1. Lilith is known as the first vampire, the first succubus, the first temptress, and was Adams first wife. She was formed the same as Adam, and when told to be submissive, left the garden of Eden to live in darkness. When God sent his angels to retrieve her, she turned him away. She was said to give birth to demons, and kill children in their sleep.
  2. In the Vampicic culture, Lillith was Adams First wife and the Mother of Cain. She was kicked out of the Garden of Eden and in order to survive made a pact with Lucifer. Cain eventually met Lillith in the land of Nod(where he was banashed to), and drank of Lillith to survive. Thus becoming the matron and patron of all vampires.
  3. In the Book of Lillith (one of the apocryphal books of the Bible) she was Adam's first wife but refused God's word of male dominance and proved it by being on "top" during intercourse. She was banished from the Garden of Eden and was taken in by Satan-el to be one of his many wives.

***The Book of Enoch, The Book of Razi-el, and The Book of Lillith are supposedly lost chapters from the Bible and remain unconfirmed in their origin. They have however existed for many centuries.***

Legends of Lilith Throughout History

Did you know that the myths and legends of Lilith date back farther than the original texts of the Bible? The ancient name “Lilith” derives from a Sumerian word for female demons or wind spirits—the lilītu and the related ardat lilǐ. The lilītu dwells in desert lands and open country spaces, and is especially dangerous to pregnant women and infants. The Mesopotamian myths about succubae (female night demons) called “lilin,” also have some kind of connection to the legend of Lilith. The infamous legends of Lilith don’t stop there.

Long ago in the ancient time of the Assyrians and Babylonians in Mesopotamia, there was legend of a creature by the name of Lamastu, meaning “she who erases.” Lamastu was a vicious demon goddess who preyed on both men and women. In Assyrian legend, Lamastu, was the daughter of the sky god Anu, and she would creep into houses at night and steal or kill babies, either in their cribs or in the womb. This was how the Assyrian people explained sudden infant death syndrome and miscarriages. Lamastu would also prey on men, sucking blood from young men and bringing disease, sterility and nightmares. In this sense, she was thought of as a succubus. Lamastu was often depicted with wings and birdlike talons, and sometimes with the head of a lion. The Assyrian women believed that during pregnancy, they could protect themselves from Lamastu by wearing amulets depicting Pazuzu, another evil god who once defeated the demoness.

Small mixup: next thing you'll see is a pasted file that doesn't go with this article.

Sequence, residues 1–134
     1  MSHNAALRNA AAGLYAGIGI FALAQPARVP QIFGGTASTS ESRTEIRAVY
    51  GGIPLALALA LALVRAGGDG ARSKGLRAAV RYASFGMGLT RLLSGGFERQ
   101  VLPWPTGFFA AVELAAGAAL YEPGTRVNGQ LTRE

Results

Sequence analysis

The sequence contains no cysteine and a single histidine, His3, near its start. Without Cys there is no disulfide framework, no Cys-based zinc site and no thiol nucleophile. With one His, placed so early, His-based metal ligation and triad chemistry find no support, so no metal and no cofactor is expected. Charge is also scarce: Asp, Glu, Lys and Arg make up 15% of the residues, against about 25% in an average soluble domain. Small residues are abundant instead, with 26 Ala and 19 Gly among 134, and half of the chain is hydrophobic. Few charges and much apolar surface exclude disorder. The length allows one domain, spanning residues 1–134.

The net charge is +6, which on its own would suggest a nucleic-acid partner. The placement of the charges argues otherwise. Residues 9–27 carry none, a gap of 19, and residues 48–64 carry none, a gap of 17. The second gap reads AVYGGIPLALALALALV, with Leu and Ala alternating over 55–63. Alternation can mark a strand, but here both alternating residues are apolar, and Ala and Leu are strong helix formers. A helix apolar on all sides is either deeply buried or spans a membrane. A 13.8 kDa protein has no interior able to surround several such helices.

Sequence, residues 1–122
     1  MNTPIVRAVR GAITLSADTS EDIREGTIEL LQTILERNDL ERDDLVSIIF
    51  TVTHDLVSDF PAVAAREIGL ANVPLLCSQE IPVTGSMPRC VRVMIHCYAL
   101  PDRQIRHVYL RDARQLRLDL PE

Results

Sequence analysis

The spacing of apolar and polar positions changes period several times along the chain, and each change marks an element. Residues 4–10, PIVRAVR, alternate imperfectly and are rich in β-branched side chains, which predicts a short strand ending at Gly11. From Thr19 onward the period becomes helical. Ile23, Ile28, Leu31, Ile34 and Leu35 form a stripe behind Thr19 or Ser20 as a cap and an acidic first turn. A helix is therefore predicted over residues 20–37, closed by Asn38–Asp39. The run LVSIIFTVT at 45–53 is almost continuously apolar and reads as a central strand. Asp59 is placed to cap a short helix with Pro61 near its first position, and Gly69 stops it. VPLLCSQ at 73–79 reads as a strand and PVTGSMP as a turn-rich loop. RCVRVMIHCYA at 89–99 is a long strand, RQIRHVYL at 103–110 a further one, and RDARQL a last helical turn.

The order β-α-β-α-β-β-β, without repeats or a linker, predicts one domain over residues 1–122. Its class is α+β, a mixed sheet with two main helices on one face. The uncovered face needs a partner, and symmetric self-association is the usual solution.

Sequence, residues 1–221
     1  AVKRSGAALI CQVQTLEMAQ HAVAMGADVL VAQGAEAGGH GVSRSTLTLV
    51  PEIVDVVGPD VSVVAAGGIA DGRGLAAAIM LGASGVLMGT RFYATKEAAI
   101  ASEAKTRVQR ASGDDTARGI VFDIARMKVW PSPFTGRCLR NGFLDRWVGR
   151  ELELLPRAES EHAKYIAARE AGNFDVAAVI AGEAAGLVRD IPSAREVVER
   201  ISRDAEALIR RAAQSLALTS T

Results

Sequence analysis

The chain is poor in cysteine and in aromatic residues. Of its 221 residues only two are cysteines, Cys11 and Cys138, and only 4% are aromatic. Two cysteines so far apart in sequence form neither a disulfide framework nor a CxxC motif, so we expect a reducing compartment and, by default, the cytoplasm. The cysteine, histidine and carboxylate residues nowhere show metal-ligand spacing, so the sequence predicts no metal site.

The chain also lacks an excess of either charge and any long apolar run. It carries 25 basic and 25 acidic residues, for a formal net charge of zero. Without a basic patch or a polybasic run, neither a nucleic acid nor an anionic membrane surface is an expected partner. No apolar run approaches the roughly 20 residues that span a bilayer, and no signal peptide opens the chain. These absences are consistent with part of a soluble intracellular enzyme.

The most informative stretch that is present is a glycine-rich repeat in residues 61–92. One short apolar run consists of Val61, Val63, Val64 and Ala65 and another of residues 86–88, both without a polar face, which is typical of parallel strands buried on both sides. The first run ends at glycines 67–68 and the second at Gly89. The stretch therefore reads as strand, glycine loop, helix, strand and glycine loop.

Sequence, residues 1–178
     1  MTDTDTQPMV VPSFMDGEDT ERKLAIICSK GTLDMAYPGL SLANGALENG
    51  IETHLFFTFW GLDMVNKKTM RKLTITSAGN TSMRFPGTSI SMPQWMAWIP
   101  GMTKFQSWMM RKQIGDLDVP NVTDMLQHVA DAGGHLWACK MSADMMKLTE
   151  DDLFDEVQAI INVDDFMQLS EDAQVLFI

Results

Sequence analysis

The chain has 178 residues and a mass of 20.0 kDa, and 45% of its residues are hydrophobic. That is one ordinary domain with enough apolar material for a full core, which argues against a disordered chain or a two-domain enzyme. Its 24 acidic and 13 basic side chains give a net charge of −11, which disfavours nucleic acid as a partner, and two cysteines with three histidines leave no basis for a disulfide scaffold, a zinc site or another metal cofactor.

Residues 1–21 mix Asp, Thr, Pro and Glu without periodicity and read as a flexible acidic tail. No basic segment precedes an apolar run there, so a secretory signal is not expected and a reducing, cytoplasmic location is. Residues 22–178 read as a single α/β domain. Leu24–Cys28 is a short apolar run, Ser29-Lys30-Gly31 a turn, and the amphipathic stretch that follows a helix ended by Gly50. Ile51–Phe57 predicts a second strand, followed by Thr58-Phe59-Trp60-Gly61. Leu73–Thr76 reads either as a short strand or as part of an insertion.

The earliest surviving mention of Lilith’s name appears in Gilgamesh and the Huluppu-Tree, a Sumerian epic poem found on a tablet at Ur and dating from approximately 2000 B.C.E. The Babylonian relief shows her as a beautiful, naked sylph with bird wings, taloned feet and hair contained under a cap decorated with several pairs of horns. She stands atop two lions and between two owls. Lilith’s association with the owl was due to it being a predatory and nocturnal bird that flies at night, and Lilith was thought to be the cause of night terrors. The Talmud speaks of a Seductress with malevolent intent, and alludes to her being demonic in nature. In early Hebraic writings, Lilith took the form of a winged demon with the body of a woman with owl-like talons for feet. Her dark origins lie in Babylonian demonology, where amulets and incantations were used to counter the sinister powers of this winged spirit who preyed on pregnant women and infants. Ancient texts such as the Dead Sea Scrolls found at Qumran and the Talmud have other references as well. The Qumran sect was engrossed with demonology, and Lilith appears in the Song for a Sage, a hymn possibly used in exorcisms. The ancient scrolls make a reference to Lilith by name, speaking in the same context as the passage in Isaiah. Just like Lamastu and lilītu, there are many legends of and multiple reffererences to Lilith as the Queen of Demons and the first vampire, seducing men and eating children, making guest appearances throughout history